One More Time
Waukesha Freeman 11/01/2012, Page A08
One more time
Fight the fatigue and vote
“Once more unto the breach, dear friends, once more,” our friend Shakespeare wrote. Once more unto the breach this Tuesday to vote in an election.
We’re to be forgiven a little election fatigue as the blast of politics blows in our ears. Election Day. Again.
Meanwhile, the consultants are yelling, “Cry ‘Havoc!’ and let slip the dogs of war!” Both Democrats and Republicans are promising a “ground war” of get-out-the-vote efforts unlike any Wisconsin has seen or heard before.
The common joke among political insiders is, “How many robocalls have you been getting?”
Fortunately for me, the bell on my landline was turned off long ago. Instead I received a spam message on Twitter from Vice President Joe Biden asking me to use my influence to encourage everyone to vote early for President Barack Obama.
I’ll get right on that as soon as the president comes up with a serious plan to tackle the $16 trillion national debt, explains who gave the order to let Americans die in Benghazi, fires Attorney General Eric Holder for his role in the Fast and Furious cover-up, and asks Congress to repeal Obamacare.
It’s a wonder that the president is even seeking re-election since unemployment has been consistently over 8 percent, and will probably continue to trend in the wrong direction with the next report from the Bureau of Labor Statistics due Friday. Such is the power of incumbency and celebrity.
As I’ve been telling you, Wisconsin is competitive in the presidential race this time. There is a real possibility that former Gov. Mitt Romney and his running mate, Wisconsin Congressman Paul Ryan, could win our state, and likely the White House with it.
But it will take us all to make one more climb into the breach, though our minds and backs are fatigued from the political wars of the last two years. “Hold hard the breath and bend up every spirit to his full height.”
One more time.
* * *
The one candidate who does not appear to be fatigued is former Gov. Tommy Thompson. He told his Republican supporters that he had one more campaign left in him, and judging by his appearance at a tea party rally in Racine he’s lived up to that promise. Thompson fired up the crowd with his speech, reminding listeners of the Thompson who led Wisconsin in the 1990s.
It’s worth remembering who that governor was. Thompson was a leader in welfare reform, creating the model that was used nationally and considered the biggest success of the Clinton administration. Thompson was a leader in education reform, working with Milwaukee urban Democrats to launch the school choice program. Despite often facing a Democratic Legislature, Thompson was a leader in cutting taxes and controlling spending with his veto power. With that record, Thompson was considered a radical and a reformer.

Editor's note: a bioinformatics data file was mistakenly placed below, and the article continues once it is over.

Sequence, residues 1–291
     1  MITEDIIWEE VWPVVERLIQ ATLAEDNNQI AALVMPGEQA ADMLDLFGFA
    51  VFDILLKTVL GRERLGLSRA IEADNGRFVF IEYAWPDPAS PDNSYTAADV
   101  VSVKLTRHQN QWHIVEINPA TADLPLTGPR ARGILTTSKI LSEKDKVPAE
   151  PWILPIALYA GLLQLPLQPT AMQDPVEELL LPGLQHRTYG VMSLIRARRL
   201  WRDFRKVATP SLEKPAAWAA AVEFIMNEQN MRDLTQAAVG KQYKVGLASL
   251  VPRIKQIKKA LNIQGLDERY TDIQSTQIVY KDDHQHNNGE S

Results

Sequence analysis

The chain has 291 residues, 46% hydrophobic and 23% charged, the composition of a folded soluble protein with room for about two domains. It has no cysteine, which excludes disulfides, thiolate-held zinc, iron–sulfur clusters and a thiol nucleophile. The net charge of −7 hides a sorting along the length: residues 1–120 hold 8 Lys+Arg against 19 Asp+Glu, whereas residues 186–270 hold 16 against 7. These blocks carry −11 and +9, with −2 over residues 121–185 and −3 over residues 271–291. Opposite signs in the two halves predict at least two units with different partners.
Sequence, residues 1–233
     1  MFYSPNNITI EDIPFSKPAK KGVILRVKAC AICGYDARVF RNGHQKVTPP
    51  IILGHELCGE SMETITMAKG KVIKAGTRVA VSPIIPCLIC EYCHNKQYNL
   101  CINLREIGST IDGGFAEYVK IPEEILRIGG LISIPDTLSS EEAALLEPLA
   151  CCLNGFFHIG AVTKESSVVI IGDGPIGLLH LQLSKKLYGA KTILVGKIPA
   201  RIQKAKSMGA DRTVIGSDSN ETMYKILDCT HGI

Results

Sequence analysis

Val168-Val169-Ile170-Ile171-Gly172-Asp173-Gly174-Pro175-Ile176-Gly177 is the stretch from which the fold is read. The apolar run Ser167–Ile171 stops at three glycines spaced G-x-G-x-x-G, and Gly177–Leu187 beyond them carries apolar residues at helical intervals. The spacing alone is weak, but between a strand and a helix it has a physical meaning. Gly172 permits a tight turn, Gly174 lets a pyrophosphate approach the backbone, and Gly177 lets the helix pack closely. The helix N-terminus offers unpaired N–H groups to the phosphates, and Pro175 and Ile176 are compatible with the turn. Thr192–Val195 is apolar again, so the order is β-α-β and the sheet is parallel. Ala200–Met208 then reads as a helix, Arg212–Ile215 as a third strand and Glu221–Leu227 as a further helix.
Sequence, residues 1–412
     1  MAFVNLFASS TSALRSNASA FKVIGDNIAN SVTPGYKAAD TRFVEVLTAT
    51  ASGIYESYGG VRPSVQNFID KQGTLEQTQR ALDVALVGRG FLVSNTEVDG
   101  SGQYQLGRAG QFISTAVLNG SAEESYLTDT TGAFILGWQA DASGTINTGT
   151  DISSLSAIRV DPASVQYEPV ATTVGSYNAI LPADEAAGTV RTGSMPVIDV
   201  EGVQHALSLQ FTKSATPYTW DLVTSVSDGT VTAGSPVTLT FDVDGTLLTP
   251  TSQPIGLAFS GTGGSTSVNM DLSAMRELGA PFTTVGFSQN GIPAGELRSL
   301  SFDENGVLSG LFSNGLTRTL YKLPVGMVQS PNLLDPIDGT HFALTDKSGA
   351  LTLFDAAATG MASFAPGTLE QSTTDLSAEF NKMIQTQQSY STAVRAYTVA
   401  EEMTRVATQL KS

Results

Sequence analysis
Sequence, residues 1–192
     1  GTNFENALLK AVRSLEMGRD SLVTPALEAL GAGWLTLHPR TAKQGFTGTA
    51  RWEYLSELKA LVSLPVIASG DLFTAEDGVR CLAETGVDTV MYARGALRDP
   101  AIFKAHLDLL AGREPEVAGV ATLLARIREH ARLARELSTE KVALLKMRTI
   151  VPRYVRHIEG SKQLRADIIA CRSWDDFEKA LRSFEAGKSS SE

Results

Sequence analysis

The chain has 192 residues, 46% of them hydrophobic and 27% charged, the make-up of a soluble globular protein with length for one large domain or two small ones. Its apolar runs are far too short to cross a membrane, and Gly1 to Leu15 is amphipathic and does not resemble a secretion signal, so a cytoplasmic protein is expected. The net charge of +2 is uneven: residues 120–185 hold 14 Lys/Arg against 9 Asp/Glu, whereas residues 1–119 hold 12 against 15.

Times have changed, and the amount of spending that occurred would cause outrage today. But those were the flush 1990s, and there was no appetite for spending cuts then.
His opponent, Congressman Tammy Baldwin of Madison, comes from a political fringe of the Democratic Party that is normally disqualified from seeking higher office. Her Madison left-wing politics would usually invite a Democratic primary election challenger. Such is the power of identity politics in the Democratic Party of Wisconsin, more focused on nominating a lesbian for Senate and less on the policies she supports.
After a long and even nasty campaign, we know the real Baldwin record. We know that she took campaign money from a group that supports Iran while she opposed sanctions aimed at stopping that country from getting a nuclear bomb. We know that Baldwin even opposed a resolution condemning the Iranian president for denying the Holocaust took place.
Domestically, Baldwin was for an even bigger government takeover of health care in this country. She was more extreme than either Congressman Nancy Pelosi or Obama. She supports massive tax increases that would crush small businesses. She supports even more government spending than the president despite the $16 trillion federal debt.
Her politics might play to a Madison crowd, but her real record is not something that Wisconsinites have supported in the past. Even former Sen. Russ Feingold pretended to be fiscally frugal. With Baldwin, there is no such pretense.
She even supported the hostile takeover and occupation of our state Capitol by the left-wing protesters last year.
If Baldwin is elected to the Senate, she will be the most radical senator since the late Sen. Alan Cranston of California, only without the charm.
For all of the jokes about Sen. Herb Kohl being a cipher in Washington, Baldwin will be worse. She will have no influence while misrepresenting Wisconsin and our values.
The Democratic Party owed Wisconsin a better nominee, and Wisconsin deserves a better senator than Baldwin. Fortunately, we can vote for Thompson, a reformer with a real track record Wisconsin can be proud of.
(James Wigderson is a blogger publishing at http://www.wigderson.com and a Waukesha resident. His column runs Thursdays in The Freeman.)